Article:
Though many standard econometric models assume that variance is constant, structural breaks in variance are well-documented, particularly in economic and finance data. If these changes are not accurately accounted for, they can hinder forecast inference measures, such as forecast variances and intervals. In this blog, we consider a tool that can be used to help locate structural breaks in variance — the iterative cumulative sum of squares algorithm(ICSS) (Inclan and Tiao, 1994).Tagged in
`G0121: Matrix not positive definite` and `G0048: Matrix singular` are common errors encountered during estimation. Today we will learn how to diagnose these errors using GAUSS code to compute ordinary least squares estimates, using real data from some golf shots hit by this author and recorded by a launch monitor.Tagged in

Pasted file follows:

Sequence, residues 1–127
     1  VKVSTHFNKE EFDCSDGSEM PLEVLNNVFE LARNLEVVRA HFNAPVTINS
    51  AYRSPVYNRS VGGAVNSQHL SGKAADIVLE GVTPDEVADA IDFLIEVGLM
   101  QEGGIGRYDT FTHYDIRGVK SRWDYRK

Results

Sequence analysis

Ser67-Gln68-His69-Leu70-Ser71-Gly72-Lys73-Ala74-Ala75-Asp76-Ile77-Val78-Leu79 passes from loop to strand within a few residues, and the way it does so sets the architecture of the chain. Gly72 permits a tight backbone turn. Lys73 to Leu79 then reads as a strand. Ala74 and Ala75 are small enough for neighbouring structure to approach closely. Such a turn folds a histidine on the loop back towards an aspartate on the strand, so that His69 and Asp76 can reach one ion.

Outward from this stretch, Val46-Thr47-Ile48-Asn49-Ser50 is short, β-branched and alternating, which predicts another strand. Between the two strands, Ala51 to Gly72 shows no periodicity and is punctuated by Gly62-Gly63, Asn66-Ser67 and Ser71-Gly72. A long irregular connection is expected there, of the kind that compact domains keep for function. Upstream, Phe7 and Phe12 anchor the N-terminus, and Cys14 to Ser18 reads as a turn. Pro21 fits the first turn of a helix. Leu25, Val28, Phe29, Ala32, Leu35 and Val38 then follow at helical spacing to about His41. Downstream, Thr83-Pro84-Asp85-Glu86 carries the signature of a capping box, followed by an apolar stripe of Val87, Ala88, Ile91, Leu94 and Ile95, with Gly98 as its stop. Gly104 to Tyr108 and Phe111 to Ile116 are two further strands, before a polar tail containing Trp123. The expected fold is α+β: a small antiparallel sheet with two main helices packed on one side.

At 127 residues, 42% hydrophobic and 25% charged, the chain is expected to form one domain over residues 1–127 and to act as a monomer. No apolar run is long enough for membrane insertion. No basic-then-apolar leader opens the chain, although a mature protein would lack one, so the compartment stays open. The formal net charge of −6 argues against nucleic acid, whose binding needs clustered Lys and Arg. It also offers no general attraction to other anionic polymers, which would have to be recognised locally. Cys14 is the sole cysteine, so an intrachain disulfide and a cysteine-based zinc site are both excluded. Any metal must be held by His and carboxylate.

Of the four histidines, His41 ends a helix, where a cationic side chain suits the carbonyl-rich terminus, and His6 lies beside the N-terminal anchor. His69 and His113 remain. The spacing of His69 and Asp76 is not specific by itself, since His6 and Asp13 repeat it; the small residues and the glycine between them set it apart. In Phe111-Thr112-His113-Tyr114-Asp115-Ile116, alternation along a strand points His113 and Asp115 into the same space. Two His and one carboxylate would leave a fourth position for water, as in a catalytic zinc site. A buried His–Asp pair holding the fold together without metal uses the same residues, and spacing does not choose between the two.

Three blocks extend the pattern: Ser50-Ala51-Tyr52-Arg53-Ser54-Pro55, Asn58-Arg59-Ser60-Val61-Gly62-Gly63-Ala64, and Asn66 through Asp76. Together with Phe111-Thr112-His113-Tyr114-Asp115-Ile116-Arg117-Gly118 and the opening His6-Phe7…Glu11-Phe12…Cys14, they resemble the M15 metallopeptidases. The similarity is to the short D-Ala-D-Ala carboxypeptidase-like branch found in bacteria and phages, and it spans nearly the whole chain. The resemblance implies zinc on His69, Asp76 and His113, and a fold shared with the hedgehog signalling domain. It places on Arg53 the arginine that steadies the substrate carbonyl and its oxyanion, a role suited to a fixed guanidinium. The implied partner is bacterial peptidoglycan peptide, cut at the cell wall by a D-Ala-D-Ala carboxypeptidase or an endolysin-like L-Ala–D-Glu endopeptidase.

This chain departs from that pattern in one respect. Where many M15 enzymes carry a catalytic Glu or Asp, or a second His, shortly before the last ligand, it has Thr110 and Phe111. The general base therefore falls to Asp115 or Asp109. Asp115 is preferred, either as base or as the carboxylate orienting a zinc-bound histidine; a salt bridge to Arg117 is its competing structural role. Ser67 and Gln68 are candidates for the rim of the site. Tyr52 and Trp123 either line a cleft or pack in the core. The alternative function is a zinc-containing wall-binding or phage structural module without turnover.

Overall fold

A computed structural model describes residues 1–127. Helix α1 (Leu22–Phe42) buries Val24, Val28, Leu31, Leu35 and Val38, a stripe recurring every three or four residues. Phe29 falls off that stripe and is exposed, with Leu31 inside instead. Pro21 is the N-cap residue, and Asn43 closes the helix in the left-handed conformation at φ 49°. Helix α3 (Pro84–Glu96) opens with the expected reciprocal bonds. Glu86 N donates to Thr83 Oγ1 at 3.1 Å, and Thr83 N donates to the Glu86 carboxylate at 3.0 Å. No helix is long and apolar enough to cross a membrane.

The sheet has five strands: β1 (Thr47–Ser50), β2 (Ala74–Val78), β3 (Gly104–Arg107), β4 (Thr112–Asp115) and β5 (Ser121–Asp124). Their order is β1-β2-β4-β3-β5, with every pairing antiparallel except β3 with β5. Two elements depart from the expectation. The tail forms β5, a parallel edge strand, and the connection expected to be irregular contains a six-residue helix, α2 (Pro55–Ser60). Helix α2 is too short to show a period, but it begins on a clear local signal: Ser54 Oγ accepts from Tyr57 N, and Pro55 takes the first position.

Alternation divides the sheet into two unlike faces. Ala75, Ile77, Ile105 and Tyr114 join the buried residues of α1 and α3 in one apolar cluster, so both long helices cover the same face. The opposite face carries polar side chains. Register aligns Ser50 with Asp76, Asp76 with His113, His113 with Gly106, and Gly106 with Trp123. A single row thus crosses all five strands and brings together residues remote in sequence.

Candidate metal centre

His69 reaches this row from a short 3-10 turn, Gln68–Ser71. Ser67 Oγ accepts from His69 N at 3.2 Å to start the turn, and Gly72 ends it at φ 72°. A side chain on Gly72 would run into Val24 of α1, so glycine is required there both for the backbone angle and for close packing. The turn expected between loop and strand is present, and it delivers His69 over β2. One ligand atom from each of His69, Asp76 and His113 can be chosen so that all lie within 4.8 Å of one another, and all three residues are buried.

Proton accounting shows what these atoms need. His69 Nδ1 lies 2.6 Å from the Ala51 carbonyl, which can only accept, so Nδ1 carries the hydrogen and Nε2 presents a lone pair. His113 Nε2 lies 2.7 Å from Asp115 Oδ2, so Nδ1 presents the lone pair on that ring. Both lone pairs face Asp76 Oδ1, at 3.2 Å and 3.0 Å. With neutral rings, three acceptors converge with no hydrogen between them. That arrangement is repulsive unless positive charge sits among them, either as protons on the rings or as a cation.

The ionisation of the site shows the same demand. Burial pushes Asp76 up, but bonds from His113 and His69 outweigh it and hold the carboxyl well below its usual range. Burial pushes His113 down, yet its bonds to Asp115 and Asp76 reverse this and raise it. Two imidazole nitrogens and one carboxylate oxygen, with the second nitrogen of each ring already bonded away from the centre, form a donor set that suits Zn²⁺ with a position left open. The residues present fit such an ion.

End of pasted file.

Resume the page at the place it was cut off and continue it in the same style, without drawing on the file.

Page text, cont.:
Last week we learned how to use the `date` keyword to load dates into GAUSS. Today, we extend our analysis of time series data to plot high-frequency Forex data.
Time series data with inconsistently formatted dates and times can make your work frustrating. Dates and times are often stored as strings or text data and converting to a consistent, numeric format might seem like a daunting task. Fortunately, GAUSS includes an easy tool for loading and converting dates and times – the `date` keyword.
If you have run much publicly available GAUSS code, you have probably come across the `#include` command. In this blog, we answer some important questions about #include:Tagged in
- What does `#include` do?
- What is the most common error when using `#include`?
- How can I resolve the most common error?